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dc.contributor.authorWall, Alan*
dc.date.accessioned2012-07-02T10:19:36Z
dc.date.available2012-07-02T10:19:36Z
dc.date.issued2001
dc.identifier.citationLondon: Vintage, 2001en_GB
dc.identifier.isbn009928486X
dc.identifier.urihttp://hdl.handle.net/10034/231672
dc.descriptionThis book is not available through ChesterRep.en_GB
dc.description.abstractQuestions have been raised over the last two centuries about the authenticity of William Shakespeare's claim to have authored the works attributed to him. One intriguing line of argument has always been the Marlovian one. Marlowe is thought to have been a member of a mysterious group, the School of Night, whose centre was that mercurial figure Walter Raleigh. The novel explores the authorship question through the focus of the School of Night, 1590s science and belief, the conflict between Ptolemaic and Copernican science, and the nature of authorship itself.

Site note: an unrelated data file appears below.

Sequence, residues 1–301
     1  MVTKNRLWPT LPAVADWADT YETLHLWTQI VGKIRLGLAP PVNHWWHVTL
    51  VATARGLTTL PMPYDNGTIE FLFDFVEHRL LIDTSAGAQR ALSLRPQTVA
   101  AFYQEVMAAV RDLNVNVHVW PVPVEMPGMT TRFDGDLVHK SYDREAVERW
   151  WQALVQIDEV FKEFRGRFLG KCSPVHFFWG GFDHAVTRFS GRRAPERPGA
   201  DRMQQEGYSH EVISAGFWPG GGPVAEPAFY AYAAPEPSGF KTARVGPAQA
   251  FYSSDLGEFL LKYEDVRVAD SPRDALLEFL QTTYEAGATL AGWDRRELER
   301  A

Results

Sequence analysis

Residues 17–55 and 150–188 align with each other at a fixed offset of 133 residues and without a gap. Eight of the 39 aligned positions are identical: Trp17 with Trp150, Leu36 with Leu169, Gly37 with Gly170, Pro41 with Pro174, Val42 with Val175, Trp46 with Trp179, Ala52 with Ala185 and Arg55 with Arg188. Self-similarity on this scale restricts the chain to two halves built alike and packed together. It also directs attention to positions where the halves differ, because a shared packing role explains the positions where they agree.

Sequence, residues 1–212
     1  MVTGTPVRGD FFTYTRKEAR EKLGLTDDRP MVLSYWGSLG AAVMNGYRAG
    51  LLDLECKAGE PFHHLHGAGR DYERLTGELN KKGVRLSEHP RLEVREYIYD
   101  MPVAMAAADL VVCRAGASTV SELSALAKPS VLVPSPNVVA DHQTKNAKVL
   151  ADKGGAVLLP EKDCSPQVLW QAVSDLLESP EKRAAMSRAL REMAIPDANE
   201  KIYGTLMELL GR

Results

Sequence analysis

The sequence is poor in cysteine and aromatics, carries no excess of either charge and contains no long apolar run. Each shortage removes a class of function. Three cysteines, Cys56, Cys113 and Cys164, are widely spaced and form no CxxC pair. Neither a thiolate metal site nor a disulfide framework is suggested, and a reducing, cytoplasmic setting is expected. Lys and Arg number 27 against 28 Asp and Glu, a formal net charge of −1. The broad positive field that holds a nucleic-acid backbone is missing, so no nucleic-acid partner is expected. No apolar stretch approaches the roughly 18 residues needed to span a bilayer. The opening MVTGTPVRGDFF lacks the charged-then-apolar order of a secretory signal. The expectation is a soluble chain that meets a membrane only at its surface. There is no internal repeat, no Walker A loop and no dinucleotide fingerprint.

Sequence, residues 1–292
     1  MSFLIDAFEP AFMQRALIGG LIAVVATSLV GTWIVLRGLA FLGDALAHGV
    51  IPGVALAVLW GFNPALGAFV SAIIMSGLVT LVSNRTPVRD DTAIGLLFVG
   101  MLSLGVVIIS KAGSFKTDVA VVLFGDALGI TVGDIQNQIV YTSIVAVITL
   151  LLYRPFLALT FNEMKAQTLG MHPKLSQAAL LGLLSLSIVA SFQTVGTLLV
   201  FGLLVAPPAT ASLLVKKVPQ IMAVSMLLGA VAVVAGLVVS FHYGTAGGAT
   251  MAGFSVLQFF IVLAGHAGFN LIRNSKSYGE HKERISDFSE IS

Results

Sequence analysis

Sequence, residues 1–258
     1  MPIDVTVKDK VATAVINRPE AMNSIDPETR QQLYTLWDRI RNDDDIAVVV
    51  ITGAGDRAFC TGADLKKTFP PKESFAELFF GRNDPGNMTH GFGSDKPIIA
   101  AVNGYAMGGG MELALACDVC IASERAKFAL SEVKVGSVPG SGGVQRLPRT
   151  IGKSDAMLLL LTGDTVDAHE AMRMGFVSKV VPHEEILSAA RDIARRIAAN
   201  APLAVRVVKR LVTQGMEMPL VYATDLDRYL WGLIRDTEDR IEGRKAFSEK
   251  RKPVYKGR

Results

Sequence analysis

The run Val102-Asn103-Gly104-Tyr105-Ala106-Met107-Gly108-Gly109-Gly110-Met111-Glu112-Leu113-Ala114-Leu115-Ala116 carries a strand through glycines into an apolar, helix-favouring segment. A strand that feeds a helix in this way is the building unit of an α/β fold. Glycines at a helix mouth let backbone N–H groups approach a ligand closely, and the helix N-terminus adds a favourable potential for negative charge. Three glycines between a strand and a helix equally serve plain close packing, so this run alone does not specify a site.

dc.description.sponsorshipThis book was submitted to the RAE2008 for the University of Chester - English Language & Literature.en_GB
dc.language.isoenen
dc.publisherVintageen_GB
dc.relation.urlhttp://www.vintage-books.co.uken_GB
dc.subjectChristopher Marloween_GB
dc.subjectauthorshipen_GB
dc.titleThe school of nighten
dc.typeBooken
dc.contributor.departmentChester College of Higher Educationen_GB
html.description.abstractQuestions have been raised over the last two centuries about the authenticity of William Shakespeare's claim to have authored the works attributed to him. One intriguing line of argument has always been the Marlovian one. Marlowe is thought to have been a member of a mysterious group, the School of Night, whose centre was that mercurial figure Walter Raleigh. The novel explores the authorship question through the focus of the School of Night, 1590s science and belief, the conflict between Ptolemaic and Copernican science, and the nature of authorship itself.


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